15. The eddy current probe of claim 13 further comprising two bases between drive coils of the first and second solenoids, posts of the two bases in staggered relation.
16. The eddy current probe of claim 13 further comprising a single solenoid core with the solenoid coils around the at least one core, the at least one base comprising an annular ring around the core between the solenoid coils with the posts extending radially from the ring.
17. The probe of claim 1 wherein the posts extend in the plane of the base.
18. The eddy current probe of claim 10 further comprising
a solenoid core,
a left base and a right base on respective left and right core ends.
19. The eddy current probe of claim 13 further comprising
a solenoid core,
a left base and a right base on respective left and right core ends.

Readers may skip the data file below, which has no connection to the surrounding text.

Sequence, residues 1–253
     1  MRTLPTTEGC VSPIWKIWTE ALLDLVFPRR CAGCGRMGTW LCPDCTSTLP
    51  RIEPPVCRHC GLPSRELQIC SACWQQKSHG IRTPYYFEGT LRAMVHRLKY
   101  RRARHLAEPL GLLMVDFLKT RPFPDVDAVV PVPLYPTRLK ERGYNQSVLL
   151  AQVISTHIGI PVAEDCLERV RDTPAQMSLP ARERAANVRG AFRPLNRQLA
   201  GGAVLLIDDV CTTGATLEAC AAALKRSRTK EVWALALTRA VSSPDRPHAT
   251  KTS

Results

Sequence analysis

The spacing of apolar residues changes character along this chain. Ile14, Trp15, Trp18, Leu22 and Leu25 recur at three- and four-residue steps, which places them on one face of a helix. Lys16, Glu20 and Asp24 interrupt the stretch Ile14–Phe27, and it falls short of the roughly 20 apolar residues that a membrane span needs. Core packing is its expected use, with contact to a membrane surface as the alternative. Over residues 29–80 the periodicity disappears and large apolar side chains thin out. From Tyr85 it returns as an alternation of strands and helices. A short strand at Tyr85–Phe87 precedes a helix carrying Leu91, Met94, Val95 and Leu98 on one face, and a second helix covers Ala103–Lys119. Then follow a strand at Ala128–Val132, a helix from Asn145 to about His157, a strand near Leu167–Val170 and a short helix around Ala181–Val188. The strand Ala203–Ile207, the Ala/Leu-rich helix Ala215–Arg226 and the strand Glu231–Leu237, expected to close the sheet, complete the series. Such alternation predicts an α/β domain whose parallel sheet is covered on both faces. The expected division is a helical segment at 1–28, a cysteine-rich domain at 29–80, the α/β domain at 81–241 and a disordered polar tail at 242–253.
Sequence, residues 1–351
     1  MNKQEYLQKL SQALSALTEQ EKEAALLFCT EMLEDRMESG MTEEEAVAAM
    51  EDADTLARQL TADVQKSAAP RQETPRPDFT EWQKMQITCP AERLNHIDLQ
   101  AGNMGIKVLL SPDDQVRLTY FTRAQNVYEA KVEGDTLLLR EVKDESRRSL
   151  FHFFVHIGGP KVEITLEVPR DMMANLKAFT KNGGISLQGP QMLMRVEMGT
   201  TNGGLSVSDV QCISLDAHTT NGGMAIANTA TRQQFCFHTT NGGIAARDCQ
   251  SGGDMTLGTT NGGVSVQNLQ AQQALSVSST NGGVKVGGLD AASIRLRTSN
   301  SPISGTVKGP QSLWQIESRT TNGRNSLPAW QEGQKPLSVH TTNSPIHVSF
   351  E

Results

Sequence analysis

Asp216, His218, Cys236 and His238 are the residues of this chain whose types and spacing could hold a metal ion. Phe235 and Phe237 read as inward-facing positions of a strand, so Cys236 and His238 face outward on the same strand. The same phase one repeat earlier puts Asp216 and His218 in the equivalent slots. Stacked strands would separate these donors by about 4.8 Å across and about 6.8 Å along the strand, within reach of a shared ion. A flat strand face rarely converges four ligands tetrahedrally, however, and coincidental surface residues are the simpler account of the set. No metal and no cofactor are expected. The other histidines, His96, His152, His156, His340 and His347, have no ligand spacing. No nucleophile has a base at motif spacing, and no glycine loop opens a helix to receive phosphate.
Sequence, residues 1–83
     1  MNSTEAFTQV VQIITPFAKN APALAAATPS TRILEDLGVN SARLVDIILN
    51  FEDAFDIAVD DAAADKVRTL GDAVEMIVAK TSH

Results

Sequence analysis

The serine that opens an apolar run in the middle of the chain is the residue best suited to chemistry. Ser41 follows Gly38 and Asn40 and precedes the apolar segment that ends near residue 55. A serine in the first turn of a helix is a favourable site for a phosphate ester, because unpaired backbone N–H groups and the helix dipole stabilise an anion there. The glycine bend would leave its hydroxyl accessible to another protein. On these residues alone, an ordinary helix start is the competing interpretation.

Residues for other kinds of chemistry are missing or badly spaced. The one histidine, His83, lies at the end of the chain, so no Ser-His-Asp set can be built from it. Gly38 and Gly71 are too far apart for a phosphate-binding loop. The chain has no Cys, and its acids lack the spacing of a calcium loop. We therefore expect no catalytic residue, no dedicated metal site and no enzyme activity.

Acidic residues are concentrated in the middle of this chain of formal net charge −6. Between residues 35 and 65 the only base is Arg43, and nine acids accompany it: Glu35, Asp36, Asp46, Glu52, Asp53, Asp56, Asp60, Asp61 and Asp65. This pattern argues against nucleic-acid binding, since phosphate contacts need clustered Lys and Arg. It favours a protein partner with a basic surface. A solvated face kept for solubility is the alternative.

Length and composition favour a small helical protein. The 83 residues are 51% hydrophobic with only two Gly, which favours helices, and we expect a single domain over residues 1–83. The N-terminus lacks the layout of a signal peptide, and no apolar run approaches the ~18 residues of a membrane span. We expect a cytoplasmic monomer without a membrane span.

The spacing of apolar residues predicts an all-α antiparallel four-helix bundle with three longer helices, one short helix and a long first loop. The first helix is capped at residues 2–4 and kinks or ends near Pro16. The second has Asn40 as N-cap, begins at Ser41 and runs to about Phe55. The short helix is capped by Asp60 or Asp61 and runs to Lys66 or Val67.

20. The probe of claim 19 wherein the at least one base and the left and right bases each comprise
an annular base in respective parallel planes perpendicular to the core axis, and
a plurality of end posts extending radially from the annular base in the respective planes.
21. The probe of claim 20 wherein the posts of the at least one base are staggered from posts of the end bases.
22. An eddy current probe comprising
end-to-end coaxial solenoid coils divided by a coaxial annular base transverse the solenoid coils and connectable to electric current to produce opposing magnetic fields at the annular base through which base magnetic fields generated by the coils are conducted radially outward in producing lead and following separate magnet fields beyond the coils symmetric about the base and disposed such that when positioned proximate a test material the separate magnetic fields penetrate into said test material generating eddy currents in the test material that produce respective return magnetic fields modulated with signatures of material anomalies, the lead magnetic field first generating a modulated eddy current signature of an anomaly before a following magnetic field when the solenoid translates in a direction parallel the solenoid axis, a difference of said lead and following signatures resulting in a signal associated with the material anomaly.